But here's the kicker: if you take them in, they belong to you. Here in Florida, if you try to send them packing, they'll call the cops on you. Then, Good Samaritan, you get to be a captive in your own home, unable to leave for fear of a theft or reprisal for attempting to send them packing. This just happened this morning to someone close to us. They tried to kick out the long-time freeloader of the past several months. The meth-headed druggie refused to leave and called the cops. The cops say, "she stays, or you go to jail for unlawful eviction of a tenant."

She stays, and her benefactor, who never charged her one dime or took one cent from her, has absolutely no right to insist upon her exit. Who voted for that law? Raise your hand and I'm gonna come over there and kick your ass right out of your Sinecure. Heh.

But, somehow, this poor frightened doe of a "tenant," after being made to feel extremely uncomfortable in her happy "home" today, has found friends who would take her in. A couple of gangsta bruthas showed up and hauled her and her shopping bags away. Amazing. Hopefully, that will be the end of it and no retribution will be exacted on her gracious, and now rueful, hosts.

It happens more often than you know. It's a pretty ballsy scheme. You'd think that just accepting a bit of disciplined responsibility would be far easier. It's not, apparently.

But what about...


Don't give me any anecdotal evidence to the contrary of my experience, because I'll delete it. I'd wager that I've heard more about the plight of the homeless than you've ever heard about the darker truth of the situation, so shut up and let me drive this blog post, thank you.

The obvious exceptions are simply, and unfortunately just that: exceptions to the rule. The truth is that there is an entire underclass of people who live the life they do because they choose it every day when they wake up, free from any care except to wonder from where they can steal, cajole or fool their next meal, and anything above that is fine, as long as they don't have to listen to someone encourage them, or preach at them, or expect anything like gratitude in return.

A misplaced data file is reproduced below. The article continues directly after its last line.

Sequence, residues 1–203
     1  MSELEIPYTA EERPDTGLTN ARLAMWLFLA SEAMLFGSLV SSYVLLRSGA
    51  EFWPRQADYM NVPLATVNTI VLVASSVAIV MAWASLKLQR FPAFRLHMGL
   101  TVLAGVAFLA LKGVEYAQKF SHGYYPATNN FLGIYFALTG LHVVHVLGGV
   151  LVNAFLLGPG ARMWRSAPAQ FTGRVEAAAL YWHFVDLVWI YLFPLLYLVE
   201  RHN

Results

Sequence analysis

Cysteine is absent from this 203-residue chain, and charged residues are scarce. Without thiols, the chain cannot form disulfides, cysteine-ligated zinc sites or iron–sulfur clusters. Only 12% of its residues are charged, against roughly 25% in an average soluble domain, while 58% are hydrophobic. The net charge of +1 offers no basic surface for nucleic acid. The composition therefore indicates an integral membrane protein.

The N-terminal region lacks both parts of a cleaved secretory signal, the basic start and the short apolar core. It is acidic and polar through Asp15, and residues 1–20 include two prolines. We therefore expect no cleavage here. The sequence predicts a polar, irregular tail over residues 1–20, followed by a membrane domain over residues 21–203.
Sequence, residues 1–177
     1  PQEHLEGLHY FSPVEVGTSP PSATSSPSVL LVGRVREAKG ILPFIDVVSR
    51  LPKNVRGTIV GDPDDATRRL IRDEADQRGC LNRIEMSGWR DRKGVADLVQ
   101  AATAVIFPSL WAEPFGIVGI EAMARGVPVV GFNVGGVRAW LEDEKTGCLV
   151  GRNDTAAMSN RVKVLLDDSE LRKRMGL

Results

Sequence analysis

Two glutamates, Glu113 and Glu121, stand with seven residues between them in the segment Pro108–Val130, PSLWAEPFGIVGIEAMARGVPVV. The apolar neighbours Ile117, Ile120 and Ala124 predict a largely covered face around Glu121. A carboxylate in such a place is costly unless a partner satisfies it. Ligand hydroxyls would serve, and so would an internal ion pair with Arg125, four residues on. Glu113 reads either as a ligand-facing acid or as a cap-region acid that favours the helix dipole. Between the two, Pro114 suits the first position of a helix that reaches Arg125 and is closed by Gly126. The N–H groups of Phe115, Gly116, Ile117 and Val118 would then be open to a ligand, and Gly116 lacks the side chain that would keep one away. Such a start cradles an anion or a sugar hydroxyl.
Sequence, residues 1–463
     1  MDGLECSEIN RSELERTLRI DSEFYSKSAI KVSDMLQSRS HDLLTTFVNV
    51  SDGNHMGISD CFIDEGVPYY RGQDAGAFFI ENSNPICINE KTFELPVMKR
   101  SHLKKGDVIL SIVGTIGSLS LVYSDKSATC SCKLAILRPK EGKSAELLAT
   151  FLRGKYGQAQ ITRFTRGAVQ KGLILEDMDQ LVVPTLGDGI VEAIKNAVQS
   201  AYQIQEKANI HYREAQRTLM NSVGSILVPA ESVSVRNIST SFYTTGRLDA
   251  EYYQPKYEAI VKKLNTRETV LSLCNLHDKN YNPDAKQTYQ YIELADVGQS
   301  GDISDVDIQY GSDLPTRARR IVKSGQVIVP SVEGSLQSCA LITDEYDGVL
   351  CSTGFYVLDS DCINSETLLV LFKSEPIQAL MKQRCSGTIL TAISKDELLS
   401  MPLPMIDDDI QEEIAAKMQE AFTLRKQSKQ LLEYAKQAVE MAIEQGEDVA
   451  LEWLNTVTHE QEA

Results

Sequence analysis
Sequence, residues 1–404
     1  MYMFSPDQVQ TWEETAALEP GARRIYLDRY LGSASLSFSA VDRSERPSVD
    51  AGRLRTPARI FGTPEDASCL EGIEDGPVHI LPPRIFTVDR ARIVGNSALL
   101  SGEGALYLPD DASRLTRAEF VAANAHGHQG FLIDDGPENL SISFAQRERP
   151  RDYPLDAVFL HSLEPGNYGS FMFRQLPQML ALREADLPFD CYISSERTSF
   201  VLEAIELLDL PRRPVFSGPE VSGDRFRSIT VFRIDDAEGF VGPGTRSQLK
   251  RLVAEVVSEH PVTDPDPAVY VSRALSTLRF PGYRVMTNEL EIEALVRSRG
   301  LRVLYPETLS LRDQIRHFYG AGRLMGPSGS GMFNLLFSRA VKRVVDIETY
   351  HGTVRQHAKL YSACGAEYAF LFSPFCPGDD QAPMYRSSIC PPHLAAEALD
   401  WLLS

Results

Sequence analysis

So, you know, no tears for the professionally homeless. Have pity on them at your peril.

22 comments:

Kim said...

Interestingly this resembles gypsies, doesn't it? Way back in Kansas, of all places, when I was a claims adjuster, we had to pay property claims for a particular family-renown in the region. Gypsies. They'd stage auto accidents, be robbed, etc. etc. However, nothing as seemingly "innocuous" as importuning on some unsuspecting real person. What a scary litany of weirdness you've described.

Joan of Argghh! said...

I was hoping it would be scary. If it makes just one bleeding-heart honest person think twice, it'll have been worth the half-day I've spent on it.

You have no idea of the fear and outrage and anger I was feeling this morning.

Mark said...

Thanks for this, Joan. Parallels my experiences with a lot of people in recovery. We used to let newcomers "couch it". That stopped early on for the reasons you mention.

I was appalled, on two counts, by the news that the Smarts of Utah, a wealthy family, were using such people to work on their house. First by the fact that they were so stupid as to put their children in direct jeopardy and second that they were using the "homeless" as cheap labor.

The media seemed to gloss over the obvious and paint them as "saints" (pun intended) who were victims of a deranged man and not of their own stupidity.

julie said...

One of my first art teachers in college used to run a shop in New York. Every day on the way to work he was accosted by panhandlers, and every day he told them he'd give them no money, but if they showed up where he worked he'd give them a job. Over the course of a decade or so (if I recall), he never had a single taker.

As to the meth heads, druggies and voluntarily homeless, I've been related to a couple. The worst thing you can do is to actually try to help them; all you end up doing is helping yourself into a nightmare. It's better to save your charity for those who will truly use it to better their lives (did that for my little brother, and I'll never regret it) than for those who are happy to live as emotional and financial vampires.

Jean said...

holy.shit.

And, have you noticed that Florida gets an influx of 'em in the winter? Whole 'nother class of snowbirds.

Randy said...